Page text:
Every day.

That's not a new material every day - that's "let's look at something else we can do with the spindles!" (just one example - I have noticed many people forget the bundling stage, but this is actually crucial to gaining from the true depths of this rather simplistic-looking material). And it might even be a suggestion thrown out while you are washing the dishes ;) That happens a lot in our home - I say "I wonder if you could (fill in the blank) with (list a particular material)? And show me when I am done washing the dishes (or whatever I am doing at the moment)." And THAT might be my presentation for the day!

Given we typically have a daily social graces lesson or chat (grace and courtesy), lots of involvement in real life activities of the home, go off and play by yourself time, outside time, etc.

Three-Hour Work Cycle in the Home: 

I have recently heard from several individuals that they expected their child would work independently (which equates to being "alone" for some of these children) for a solid 3-hour work cycle.
  • Humans are social creatures. Young children learn their social skills from the adults around them. 
  • Our work cycles at home are 24 hours every day, not 3. If you want a set-aside school time where the materials are only available during that time, that is awesome, but your child will be learning throughout all of every day - and many of the Montessori "works" do not require specific "Montessori" materials (Exercises of Practical Life, art & sewing & painting, much of the language work, applying math concepts to real life, real life science exploration (cause and effect, asking questions and testing out answers, etc.) - so much more). *Most* of Montessori is about living real life, not about materials. 
  • During a school-based work cycle, the child is chatting with friends, having a snack, in the ideal Montessori environment the child is free to go outside and play/garden/watch butterflies, observing classmates, using the bathroom, etc. The child is alive and learning, but not always engaged with the specific material. And he has role models around him to guide him in his choices and possibilities. This needn't be any different at home! The child should be engaged in the environment and that includes the adult. If you have a block of "school time" use that time to prepare your materials, to practice with the materials, to explore for yourself - and be present when authentically needed ;) 
  • Will the adult get some "hey! my child doesn't need me at this moment!" times - yep! It will happen. But if you really want your child to work independently of you, you should be engaged in the materials (making them, practicing with them, organizing them, cleaning them) - or doing something else (household or family related) that the child can't "help" with right now, but that he can observe you doing during his own work time.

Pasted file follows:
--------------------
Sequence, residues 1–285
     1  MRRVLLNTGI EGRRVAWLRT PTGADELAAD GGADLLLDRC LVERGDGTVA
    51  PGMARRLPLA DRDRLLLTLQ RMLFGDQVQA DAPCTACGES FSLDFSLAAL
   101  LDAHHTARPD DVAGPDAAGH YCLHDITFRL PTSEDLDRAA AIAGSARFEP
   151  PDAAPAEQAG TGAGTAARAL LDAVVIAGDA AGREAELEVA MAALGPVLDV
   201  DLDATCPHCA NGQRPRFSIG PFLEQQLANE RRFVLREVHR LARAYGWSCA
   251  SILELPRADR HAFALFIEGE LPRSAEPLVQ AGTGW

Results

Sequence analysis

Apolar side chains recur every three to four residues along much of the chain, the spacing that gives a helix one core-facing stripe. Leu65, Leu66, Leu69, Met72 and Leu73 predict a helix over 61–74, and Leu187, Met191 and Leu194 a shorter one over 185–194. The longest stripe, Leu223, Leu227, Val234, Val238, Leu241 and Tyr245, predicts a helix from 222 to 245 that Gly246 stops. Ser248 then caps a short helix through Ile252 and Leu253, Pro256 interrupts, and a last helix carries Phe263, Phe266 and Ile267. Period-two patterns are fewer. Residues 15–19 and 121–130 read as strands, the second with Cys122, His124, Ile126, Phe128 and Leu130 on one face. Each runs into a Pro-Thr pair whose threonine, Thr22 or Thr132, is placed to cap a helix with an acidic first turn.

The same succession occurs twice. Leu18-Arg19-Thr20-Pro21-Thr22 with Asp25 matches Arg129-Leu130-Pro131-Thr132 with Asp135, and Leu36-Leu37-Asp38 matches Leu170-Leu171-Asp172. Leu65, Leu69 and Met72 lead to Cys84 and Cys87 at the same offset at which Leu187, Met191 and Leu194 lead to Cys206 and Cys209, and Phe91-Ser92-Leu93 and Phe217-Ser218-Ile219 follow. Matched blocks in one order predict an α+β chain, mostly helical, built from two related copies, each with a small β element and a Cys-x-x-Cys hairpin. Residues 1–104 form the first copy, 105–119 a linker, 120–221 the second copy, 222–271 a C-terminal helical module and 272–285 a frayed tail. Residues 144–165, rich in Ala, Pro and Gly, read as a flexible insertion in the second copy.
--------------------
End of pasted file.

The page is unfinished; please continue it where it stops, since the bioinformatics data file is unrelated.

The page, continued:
• Read more about the 3 Hour Work Cycle at Home at this Montessori Trails Work Cycle page. 

Making Materials Takes So Long: 
Mom and son
together at Montessori school
He had been sitting and staring at the math materials for 30 minutes.
Doing some mental math he was trying to explain to me 

Most of you - I'll be honest, I love you all, so please know that going in to what I am about to say - MOST of you are making way too many materials. STOP!
  • Your children should be involved in SOME of the material making. Extensions or ideas that they have? Let them help create materials! Primary aged children? Yep. Seriously, 3 year olds? Yep. And the 4s and 5s too. And if you have elementary children and teenagers - get them involved too. This is a lesson in creativity, using art skills in real life situations which is far superior than doing a craft just to do a craft. 
  • If the children come up with an idea - they should be making it - or involved with the making of it. Wait, I repeated that. ;) I wanted to make sure you read that ;) 
  • The children can SEE you making materials too. Let that be *your* work that they 1) observe and 2) makes you too busy to always be hovering like a helicopter. Your children might find they can problem-solve on their own sometimes, make their own decisions or get their own drink of water. YOU can do it! ;) 

Also see our Montessori Trails page on When Montessori Fails for futher insights into how the environment works.

Ask me other questions! I'll reply in comments and/or add to this post.